• Part of the test following if or elif

  • Preceding && or ||

  • Any expression in a pipeline except the last, unless you are using set -o pipeline

In these locations non-zero exit codes are ignored.

The Solution


I originally had a solution here that was flat out wrong. I originally stated:

The solution to this is to simply never invoke functions from within if statement conditionals. Instead the function must be executed before the if statement and the return code must be captured in a variable.

Here is the same if statement above modified to use this approach:

# Execute command and capture exit code, regardless of whether the command succeeded or not
f && exit_code=$? || exit_code=$?

# Use the exit code variable as the condition for the if statement.
if [ "$exit_code" = 0 ]; then
  echo "f was successful"

This code does not work because I was using && when executing the function, so it was invoked without errexit set. Thanks to Dr. Björn Kahlert for pointing this and providing me with a complete list of locations where errexit is disabled.

The real solution here is not quite as elegant as I had hoped. The solution is to define a function that disables errexit, runs a subshell, enables errexit inside the subshell, executes provided the function, captures the exit code of the subshell, and then turns errexit back on before returning. The code looks like this:

get_exit_code() {
  # We first disable errexit in the current shell
  set +e
    # Then we set it again inside a subshell
    set -e;
    # ...and run the function
  # And finally turn errexit back on in the current shell
  set -e

get_exit_code f

if [ "$exit_code" = 0 ]; then
  echo "f was successful"
  echo "f failed"

While this is not very elegant it is easy to use in practice. Since the function is executed outside of the if statement it will always be executed with errexit set as expected. Output from the original function can still be captured and used if desired.

Update 8/6/2022

Olivier wrote in and shared his own solution to this problem:

#!/usr/bin/env bash

set -e

  return 42

f() {
  g || return
  echo "after false"

if f; then
  echo "f was successful"

This works about the same as my solution above with two significant differences:

  • It doesn’t run code in a subshell so a separate process is not spawned. It may therefore be slightly faster.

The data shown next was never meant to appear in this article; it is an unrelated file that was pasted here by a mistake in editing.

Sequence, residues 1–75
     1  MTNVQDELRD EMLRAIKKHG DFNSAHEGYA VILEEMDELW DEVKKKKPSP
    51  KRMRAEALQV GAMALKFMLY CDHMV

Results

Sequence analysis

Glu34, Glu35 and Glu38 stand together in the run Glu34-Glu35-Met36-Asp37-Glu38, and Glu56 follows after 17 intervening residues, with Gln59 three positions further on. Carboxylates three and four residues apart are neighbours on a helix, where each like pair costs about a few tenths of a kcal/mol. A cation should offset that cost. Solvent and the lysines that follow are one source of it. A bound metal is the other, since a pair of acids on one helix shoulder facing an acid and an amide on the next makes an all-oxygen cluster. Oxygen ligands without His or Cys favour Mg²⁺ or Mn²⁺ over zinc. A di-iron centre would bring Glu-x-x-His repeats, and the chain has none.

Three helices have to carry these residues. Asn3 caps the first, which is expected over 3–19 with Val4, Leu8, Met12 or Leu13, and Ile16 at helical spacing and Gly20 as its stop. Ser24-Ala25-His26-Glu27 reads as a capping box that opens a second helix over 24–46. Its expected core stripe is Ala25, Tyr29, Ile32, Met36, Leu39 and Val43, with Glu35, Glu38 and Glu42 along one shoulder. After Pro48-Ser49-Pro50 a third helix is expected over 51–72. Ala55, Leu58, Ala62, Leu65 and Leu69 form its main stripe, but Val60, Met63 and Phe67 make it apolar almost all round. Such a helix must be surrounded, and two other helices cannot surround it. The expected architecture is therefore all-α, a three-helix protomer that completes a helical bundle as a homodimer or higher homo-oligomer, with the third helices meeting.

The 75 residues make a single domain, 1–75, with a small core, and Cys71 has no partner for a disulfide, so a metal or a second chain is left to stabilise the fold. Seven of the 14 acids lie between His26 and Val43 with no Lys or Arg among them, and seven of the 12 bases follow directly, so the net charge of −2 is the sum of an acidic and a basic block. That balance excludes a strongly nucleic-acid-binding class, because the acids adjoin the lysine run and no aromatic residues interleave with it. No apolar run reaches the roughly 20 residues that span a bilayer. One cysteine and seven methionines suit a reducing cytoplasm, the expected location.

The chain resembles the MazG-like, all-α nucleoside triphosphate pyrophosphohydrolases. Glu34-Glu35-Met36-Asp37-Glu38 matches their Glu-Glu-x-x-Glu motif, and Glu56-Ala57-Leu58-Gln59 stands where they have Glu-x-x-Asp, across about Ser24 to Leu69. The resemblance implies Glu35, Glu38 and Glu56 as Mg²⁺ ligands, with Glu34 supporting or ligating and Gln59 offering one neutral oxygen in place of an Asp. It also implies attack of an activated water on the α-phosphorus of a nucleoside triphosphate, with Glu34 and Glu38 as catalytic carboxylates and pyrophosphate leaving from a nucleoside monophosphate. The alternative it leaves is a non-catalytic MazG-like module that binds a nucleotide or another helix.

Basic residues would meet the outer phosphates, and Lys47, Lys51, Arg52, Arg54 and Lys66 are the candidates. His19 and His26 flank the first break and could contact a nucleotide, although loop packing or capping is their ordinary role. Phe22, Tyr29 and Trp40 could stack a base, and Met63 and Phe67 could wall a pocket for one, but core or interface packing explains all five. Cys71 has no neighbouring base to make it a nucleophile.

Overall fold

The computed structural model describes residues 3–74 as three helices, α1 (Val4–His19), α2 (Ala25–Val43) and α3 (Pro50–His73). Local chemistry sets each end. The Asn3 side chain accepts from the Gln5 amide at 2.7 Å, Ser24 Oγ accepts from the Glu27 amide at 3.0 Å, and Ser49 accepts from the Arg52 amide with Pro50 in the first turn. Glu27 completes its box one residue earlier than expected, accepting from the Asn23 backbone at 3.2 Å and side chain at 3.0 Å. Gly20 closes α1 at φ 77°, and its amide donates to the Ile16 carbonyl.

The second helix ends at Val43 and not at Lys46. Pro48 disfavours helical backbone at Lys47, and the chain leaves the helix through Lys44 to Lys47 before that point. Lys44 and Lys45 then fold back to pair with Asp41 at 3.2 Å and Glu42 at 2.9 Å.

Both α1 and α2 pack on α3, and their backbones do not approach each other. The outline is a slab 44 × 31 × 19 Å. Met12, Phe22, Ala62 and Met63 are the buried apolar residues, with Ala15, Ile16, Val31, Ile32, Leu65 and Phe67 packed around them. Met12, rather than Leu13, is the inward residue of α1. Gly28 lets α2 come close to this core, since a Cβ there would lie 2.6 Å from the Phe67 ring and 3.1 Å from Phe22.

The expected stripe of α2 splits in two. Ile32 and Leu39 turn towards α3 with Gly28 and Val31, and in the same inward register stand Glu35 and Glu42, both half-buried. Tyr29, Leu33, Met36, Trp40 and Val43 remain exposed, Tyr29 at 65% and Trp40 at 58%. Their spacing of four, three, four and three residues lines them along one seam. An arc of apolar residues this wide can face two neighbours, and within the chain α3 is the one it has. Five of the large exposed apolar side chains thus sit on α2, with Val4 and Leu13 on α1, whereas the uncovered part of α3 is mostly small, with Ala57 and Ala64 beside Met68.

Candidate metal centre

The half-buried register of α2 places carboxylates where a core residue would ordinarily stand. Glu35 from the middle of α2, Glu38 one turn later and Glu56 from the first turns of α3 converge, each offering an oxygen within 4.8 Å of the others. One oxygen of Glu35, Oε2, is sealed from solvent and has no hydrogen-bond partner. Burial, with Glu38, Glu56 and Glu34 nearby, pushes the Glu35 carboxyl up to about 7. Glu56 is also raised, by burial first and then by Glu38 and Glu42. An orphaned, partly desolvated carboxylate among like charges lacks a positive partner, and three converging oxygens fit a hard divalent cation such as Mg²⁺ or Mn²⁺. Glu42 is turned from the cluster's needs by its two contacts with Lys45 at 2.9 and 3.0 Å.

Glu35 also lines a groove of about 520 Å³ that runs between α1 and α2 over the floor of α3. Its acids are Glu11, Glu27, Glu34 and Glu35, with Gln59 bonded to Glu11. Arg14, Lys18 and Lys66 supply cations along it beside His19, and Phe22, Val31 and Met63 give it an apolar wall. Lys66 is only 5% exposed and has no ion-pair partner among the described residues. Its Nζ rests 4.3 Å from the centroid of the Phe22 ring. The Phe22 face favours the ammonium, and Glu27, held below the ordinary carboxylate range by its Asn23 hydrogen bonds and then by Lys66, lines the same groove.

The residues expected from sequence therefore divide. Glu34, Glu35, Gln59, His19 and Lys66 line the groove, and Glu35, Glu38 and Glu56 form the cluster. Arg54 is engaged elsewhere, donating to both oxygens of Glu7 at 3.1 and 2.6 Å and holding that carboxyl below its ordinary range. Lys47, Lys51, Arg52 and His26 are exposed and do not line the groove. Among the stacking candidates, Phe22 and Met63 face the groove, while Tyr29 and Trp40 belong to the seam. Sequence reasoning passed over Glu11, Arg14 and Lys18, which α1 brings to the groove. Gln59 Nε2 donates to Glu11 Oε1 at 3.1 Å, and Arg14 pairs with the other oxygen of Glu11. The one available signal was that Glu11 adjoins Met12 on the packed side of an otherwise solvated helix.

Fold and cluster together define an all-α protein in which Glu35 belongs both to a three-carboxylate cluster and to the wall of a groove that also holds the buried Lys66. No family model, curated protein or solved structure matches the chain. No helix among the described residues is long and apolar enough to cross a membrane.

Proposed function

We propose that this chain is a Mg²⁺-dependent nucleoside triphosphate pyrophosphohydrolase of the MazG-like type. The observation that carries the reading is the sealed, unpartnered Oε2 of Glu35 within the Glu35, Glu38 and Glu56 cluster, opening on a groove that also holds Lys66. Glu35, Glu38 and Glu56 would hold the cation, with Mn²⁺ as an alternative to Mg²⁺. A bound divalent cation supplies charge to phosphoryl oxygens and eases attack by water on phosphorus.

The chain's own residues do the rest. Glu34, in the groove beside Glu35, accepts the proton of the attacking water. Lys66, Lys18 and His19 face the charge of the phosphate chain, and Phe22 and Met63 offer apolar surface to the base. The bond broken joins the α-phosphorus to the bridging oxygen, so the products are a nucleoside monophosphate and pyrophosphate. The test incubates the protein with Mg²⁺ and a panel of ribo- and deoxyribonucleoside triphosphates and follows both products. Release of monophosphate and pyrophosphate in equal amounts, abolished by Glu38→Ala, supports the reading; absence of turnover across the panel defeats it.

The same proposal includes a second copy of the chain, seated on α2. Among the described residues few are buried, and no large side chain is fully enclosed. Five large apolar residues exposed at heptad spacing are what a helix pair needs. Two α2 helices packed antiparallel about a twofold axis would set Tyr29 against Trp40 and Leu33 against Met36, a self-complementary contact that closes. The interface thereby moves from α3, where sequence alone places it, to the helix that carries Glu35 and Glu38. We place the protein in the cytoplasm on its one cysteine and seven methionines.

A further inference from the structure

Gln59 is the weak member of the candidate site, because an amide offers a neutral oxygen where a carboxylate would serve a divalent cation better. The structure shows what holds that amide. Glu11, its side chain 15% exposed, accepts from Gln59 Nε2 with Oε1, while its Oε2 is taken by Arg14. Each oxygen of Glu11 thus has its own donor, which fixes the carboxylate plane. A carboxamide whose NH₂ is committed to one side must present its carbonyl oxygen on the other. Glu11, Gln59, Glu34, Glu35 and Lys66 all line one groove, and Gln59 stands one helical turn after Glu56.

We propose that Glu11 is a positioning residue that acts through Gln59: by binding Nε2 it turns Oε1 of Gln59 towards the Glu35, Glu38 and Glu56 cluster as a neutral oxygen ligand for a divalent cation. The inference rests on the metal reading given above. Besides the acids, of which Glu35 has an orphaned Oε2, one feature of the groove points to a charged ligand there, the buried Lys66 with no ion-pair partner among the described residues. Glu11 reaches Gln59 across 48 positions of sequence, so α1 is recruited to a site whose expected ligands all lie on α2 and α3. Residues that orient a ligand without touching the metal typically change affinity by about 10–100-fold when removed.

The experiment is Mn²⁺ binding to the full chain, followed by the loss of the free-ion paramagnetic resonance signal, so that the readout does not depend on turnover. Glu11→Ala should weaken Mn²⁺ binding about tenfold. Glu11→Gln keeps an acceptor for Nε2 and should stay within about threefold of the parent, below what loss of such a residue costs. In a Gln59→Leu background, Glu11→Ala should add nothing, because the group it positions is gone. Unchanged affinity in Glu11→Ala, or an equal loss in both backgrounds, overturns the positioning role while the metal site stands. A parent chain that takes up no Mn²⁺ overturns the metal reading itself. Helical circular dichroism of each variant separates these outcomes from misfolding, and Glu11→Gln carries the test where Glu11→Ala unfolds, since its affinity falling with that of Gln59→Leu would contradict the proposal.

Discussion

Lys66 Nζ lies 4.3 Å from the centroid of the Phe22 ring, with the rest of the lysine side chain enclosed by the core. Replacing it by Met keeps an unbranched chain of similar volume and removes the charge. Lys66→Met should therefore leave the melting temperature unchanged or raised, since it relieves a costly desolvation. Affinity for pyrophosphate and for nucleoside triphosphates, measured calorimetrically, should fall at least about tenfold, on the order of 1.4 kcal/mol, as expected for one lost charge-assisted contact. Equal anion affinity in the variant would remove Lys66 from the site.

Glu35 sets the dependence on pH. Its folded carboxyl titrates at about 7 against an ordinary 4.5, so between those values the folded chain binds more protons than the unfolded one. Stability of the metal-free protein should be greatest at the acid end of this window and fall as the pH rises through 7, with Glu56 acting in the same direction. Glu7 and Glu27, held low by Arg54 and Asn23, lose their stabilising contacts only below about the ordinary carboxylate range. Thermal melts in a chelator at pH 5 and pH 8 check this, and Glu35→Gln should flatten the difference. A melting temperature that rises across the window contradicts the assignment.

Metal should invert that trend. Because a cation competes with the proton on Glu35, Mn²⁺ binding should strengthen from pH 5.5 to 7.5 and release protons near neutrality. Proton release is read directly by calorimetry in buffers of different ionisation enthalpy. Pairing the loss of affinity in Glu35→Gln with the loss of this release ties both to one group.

• It doesn’t capture the exit code to a variable. The if statement will only be able to indicate success or failure unless you capture and compare the exit code yourself inside the if condition with something like if (f; [ $? -eq 42 ]); then.

My Favorite Talks From Strange Loop 2019

I was able to go Strange Loop for the first time this year. I’ve watched a lot of videos of talks from Strange Loop over the last couple years, and was excited to be able to attend this year. It was a great conference with excellent talks on a good variety of topics. I learned a lot and I am really glad I went. The conference was multi-track with up to 8 talks scheduled during each time slot, so there were many talks I missed. Below are my 6 favorite talks from those I attended at the conference. I am sure there are many excellent talks I missed out on, but these were my favorites among the ones I attended.

Probabilistic Scripts for Automating Common-Sense Tasks

My favorite talk from the conference by far. Coming into the talk I didn’t have an experience with probabilistic programming so this talk introduced me to the concepts and as well as Gen, a probabilistic programming system. I was able to learn a lot from this talk and it got me excited about probabilistic programming. I have decided to dedicate some time to learning probabilistic programming.

This talk was a good reminder of the importance of web accessibility. I really enjoyed the topic as it forced me to look at the web differently. Realizing that not everyone can have the same experience on the web reminds me to be more careful about how I design things for the web. This talk introduced my to Pa11y and I’ve started running it on this website.

How to Teach Programming (and Other Things)?

This was an excellent and fun talk. This keynote was probably one of the most thought provoking talks I listened to at the conference. I think it was also one of the most controversial talks that was given at the conference. I had numerous discussions with people at the conference with people about the things I agreed with and the things I didn’t agree with in this talk. Overall it was very thought provoking and very well presented.

New programming constructs for probabilistic AI

Another interesting talk about probabilistic computing. This talk also featured example code written with Gen just like the other talk on probabilistic scripting. This talk presented some very interesting problems and showed how probabilistic programming constructs could be used to solve them without a strong understanding of the underlying mathematics.

Uptime 15,364 days - The Computers of Voyager

An all around fun and informative talk about the design and development of the Voyager space probes. Aaron covers the requirements the project had as well challenges that were encountered in the design and development of the hardware for the probes. I found the details of the redundant computer hardware and the probes' power system to be particularly interesting.

Parser Parser Combinators for Program Transformation

A very interesting talk on tool called comby, which allows for programmatic refactoring of code in any language. comby has been run on code in the top 100 Github projects and produced refactorings that resulted in around 40 merged PRs all without any manual manipulation of the code. comby seems very powerful and I hope ideas like this will become more popular.